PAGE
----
Nearly two years ago, AT&T and other U.S. mobile providers began implementing monthly data limits. Representatives from mobile companies pointed to web radio listening as one of the culprits of high data usage (more here) and observers worried such caps would impede the growth of mobile Internet radio.
Since then though, the growth of mobile web radio has "pretty much quashed the concerns from two years ago," writes respected industry journalist Sean Ross.
Likewise, Pandora CFO Steve Cakebread recently said "the impact of data caps for Pandora listeners is almost non-existent." More than half of Pandora's listening now happens on a mobile device (RAIN coverage here). Other web radio services have an even higher percentage of mobile listeners.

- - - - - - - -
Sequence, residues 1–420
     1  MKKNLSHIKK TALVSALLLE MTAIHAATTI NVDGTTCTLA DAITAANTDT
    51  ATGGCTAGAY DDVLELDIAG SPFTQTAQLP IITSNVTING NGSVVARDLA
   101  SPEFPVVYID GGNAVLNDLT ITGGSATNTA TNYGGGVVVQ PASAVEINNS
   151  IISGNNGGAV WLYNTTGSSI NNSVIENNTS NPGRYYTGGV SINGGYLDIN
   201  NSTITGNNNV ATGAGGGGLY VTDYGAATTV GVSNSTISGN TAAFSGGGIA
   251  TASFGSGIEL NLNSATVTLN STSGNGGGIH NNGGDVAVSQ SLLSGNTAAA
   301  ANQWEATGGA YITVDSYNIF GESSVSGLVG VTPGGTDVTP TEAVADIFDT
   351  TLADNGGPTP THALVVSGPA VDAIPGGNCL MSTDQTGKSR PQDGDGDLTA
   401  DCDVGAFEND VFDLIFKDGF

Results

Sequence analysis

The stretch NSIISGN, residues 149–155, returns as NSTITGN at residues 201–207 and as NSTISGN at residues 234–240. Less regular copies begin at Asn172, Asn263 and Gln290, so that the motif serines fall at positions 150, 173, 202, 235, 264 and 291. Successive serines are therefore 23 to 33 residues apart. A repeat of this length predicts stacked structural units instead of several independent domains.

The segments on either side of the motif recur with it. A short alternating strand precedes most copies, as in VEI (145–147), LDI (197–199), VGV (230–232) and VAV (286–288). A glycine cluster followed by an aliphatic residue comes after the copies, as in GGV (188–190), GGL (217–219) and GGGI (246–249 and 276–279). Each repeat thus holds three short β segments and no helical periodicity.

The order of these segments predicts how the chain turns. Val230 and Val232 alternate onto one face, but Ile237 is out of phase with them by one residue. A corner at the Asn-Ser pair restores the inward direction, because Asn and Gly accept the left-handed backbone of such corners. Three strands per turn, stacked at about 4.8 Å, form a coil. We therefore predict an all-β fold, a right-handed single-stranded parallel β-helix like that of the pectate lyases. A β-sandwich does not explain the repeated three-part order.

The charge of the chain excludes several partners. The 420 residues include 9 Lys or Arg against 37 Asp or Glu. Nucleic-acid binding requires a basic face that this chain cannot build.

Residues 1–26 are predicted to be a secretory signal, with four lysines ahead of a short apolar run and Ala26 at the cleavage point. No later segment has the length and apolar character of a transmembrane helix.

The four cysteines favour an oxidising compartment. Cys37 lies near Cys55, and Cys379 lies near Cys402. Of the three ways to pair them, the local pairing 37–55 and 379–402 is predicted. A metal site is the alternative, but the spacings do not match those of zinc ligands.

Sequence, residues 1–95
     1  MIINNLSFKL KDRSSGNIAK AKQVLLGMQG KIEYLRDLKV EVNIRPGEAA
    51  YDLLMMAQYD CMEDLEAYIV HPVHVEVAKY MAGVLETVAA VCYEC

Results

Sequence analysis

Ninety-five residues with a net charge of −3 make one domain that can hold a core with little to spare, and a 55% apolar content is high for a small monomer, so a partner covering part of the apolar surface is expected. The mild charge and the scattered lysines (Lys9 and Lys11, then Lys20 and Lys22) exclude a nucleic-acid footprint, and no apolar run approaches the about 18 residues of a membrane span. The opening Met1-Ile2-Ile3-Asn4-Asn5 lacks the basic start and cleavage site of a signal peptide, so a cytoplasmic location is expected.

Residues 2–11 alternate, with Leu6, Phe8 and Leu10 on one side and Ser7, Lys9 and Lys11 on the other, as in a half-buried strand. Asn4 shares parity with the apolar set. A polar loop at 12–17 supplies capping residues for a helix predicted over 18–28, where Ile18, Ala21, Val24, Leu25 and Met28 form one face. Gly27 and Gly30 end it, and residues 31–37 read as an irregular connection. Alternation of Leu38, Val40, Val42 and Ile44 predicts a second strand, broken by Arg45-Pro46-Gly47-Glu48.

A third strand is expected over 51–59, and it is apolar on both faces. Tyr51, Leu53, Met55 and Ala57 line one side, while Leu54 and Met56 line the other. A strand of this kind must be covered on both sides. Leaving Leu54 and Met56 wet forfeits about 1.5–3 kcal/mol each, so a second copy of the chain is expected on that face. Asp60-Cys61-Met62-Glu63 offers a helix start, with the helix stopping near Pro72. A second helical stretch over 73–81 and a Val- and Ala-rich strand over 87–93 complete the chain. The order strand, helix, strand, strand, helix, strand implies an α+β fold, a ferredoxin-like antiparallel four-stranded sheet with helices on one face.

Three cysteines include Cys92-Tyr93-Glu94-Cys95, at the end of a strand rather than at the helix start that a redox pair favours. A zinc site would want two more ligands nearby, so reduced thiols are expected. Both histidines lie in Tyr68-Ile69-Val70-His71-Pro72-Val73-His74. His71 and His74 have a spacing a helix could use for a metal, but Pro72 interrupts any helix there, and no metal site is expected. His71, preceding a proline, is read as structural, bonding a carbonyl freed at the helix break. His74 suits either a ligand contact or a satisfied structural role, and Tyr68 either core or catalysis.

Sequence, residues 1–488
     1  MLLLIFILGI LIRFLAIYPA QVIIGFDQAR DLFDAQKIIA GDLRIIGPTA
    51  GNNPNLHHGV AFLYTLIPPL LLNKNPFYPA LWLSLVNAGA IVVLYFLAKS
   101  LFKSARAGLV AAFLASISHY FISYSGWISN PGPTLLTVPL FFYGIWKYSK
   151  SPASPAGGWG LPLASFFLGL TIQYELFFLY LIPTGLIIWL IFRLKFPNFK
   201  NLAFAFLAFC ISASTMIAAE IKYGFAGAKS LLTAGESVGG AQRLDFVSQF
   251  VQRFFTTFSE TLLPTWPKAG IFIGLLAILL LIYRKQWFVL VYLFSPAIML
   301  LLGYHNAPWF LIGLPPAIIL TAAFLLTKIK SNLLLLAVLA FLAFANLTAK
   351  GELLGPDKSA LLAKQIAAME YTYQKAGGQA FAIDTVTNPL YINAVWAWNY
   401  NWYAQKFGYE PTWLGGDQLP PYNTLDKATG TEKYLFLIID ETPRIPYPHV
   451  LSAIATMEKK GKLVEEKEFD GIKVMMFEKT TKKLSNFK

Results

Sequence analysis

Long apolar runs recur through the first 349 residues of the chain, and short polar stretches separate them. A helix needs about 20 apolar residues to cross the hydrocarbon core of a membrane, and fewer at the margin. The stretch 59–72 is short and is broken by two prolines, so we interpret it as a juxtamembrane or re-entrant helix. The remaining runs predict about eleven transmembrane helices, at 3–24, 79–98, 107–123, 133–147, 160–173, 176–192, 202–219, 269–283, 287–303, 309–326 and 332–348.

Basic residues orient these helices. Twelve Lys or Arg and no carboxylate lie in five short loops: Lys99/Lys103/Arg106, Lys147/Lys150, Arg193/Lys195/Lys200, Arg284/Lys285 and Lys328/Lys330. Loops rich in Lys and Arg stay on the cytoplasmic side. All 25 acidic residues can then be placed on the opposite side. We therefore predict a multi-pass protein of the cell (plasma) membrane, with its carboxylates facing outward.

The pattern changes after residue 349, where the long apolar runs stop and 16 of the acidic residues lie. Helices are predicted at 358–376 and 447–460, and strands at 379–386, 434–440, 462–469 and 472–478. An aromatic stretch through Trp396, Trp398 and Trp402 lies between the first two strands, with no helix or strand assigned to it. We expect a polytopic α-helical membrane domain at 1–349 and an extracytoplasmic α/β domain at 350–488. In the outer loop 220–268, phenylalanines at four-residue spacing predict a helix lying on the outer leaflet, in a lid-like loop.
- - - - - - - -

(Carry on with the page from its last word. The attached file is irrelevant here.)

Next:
However, Ross did find that those in the industry who tune in to radio for a living can run up against carrier's data limits. He recently received a notice from AT&T that he was in the top 5% of data users. "I can say that there are more occasions when I ask myself if streaming is really worth it," he writes, but notes that "none of these are likely concerns for a civilian listener."
Ross points to other annoyances about streaming AM/FM in general, including awkard and at times "unlistenable" stopsets and the difficultly of finding which app offers a particular station's stream (iHeartRadio? Radio.com? Some other aggregator?).